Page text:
Chasing Algernon Sidney in Kent

‘That sounds like a film’, Rachel responded when I told her I was off to the archive again, ‘chasing Sidney in Kent’. That’s true. In fact, I am surprised nobody ever did make a film about Algernon Sidney – or at least I am not aware of one. He clearly is the sexiest of the English Civil War republicans I have been studying for the past few years, and this is not just down to his long wavy hair and striking profile.

Algernon Sidney, republican fireband (1623-83).

As both John Carswell and Jonathan Scott have shown in their biographical works, Sidney was a republican firebrand, a hard-done-by younger son of proud and powerful gentry origin and a conviction politician with a hatred of tyrants and a very short fuse. This short fuse left bridges burnt, while an uneasy mixture of pride and financial hardship, especially during his exile period, meant Sidney was ‘never a man to leave a feeding hand unbitten’ (Worden).

Born in London in January 1623 as the second son of Robert, earl of Leicester, and his wife Dorothy Percy and raised at Penshurst Place in Kent, Sidney never quite forgave his older brother Philip for his prime position in the family; and historians dabbling in a bit of popular psychology have been eager to suggest that his rejection of hereditary monarchy and in particular primogeniture, so eloquently immortalised in his Discourses Concerning Government, were not just a refutation of Sir Robert Filmer’s Patriarcha (1680), but much more personal indeed. Continue reading

James Burgh and Algernon Sidney in eighteenth-century Germany

A review of James Burgh’s Political Disquisitions in the Göttingische Anzeigen von gelehrten Sachen from April 1776 described the author thus: “He is a republican. Granted, he does not want to overthrow the constitution of the state, since it happens to be as it is, but in his opinion England would be much greater, possess more honour, power and happiness if it were a republic”. The book is based on “the Sidneyian doctrines of the nature of government,” which, according to the reviewer, were well known. In the contemporary context this meant that the author, Burgh, was highly critical of English ministers of government who sought only to augment the power of the Crown by subverting and bribing parliament. The Lords as well were merely servants of the Crown and completely useless to the state. In contrast, Parliament, the ideal of which was exemplified by the Long Parliament, was the servant of the people, which holds supreme power.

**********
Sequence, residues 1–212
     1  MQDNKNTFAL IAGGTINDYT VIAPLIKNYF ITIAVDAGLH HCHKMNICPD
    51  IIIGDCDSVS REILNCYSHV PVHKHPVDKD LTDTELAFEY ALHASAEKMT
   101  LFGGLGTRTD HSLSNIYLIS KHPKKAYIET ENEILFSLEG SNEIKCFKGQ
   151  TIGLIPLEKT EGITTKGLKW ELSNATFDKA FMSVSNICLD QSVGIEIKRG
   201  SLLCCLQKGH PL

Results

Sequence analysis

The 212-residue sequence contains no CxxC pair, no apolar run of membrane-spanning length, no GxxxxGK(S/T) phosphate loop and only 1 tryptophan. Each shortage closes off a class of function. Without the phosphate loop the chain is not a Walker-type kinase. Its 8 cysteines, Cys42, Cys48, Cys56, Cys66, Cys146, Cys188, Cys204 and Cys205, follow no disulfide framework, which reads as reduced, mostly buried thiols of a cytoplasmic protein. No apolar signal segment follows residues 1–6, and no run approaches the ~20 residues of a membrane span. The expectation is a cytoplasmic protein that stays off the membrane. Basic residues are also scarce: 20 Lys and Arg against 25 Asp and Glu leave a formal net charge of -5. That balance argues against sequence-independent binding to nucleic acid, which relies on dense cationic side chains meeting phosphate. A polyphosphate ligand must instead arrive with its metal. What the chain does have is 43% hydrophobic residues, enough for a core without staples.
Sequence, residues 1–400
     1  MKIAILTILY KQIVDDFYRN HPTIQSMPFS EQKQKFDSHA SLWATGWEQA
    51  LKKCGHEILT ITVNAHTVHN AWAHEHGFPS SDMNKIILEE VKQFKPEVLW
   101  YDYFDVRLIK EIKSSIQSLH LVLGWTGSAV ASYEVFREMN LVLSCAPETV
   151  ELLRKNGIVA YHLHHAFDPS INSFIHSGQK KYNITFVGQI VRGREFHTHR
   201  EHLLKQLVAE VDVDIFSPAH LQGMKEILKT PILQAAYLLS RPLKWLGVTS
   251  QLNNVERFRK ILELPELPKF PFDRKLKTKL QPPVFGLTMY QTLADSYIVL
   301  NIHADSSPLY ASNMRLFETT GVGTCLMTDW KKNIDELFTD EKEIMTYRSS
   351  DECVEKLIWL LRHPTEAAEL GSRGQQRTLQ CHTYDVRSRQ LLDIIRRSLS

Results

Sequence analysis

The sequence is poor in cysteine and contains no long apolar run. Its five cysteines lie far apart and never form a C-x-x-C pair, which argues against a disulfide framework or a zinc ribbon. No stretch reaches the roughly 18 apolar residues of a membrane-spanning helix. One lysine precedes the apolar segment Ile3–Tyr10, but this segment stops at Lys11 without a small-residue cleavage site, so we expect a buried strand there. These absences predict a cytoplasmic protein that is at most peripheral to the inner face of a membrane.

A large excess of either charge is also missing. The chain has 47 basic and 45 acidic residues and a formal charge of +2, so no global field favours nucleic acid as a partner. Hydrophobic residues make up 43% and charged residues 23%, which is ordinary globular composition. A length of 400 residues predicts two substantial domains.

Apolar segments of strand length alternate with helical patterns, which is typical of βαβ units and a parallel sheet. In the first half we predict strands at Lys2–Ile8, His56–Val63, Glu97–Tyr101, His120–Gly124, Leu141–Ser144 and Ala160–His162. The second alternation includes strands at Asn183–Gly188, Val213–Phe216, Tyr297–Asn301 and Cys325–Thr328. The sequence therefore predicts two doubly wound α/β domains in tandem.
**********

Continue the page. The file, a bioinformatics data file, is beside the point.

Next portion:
The review is of interest to the present project, as well as the scholarship on republicanism in general, in several respects. First, it points to the importance of journals and reviews for conveying knowledge about, and creating an interest in, republican authors and texts. Even when critical a review could not help but explain the ideas and principles of republican texts to its readers.

463px-AlgernonSidney_1622-1683_mw61517Second, the review indicates that a familiarity with Algernon Sidney’s political thought, through whatever medium, and thus with republican principles was fairly widespread among the informed, reading public in Germany. This seems not to have been a recent phenomenon. A 1711 review of a French translation of Sidney’s Discourses on government in the Leipzig-based Acta eruditorum passed over a discussion of the contents of the work as it was already well-known: “hic liber in manibus omnium versatur.”

Third, the review offers an explicit definition of what it means to be a republican, thus addressing recent debates over the meaning of the concept of republicanism. While the reviewer acknowledges a concept of a form of republican exclusivism (of a republican as one who would seek “to overthrow the constitution” of a monarchical state), he also argues that in the 18th century to be a republican is compatible with accepting a form of monarchical government, a monarchical republicanism. Further, James Burgh’s book is presented as the application of specific republican, Sidneyian, principles to an 18th-century context, where they may result in a different position. Continue reading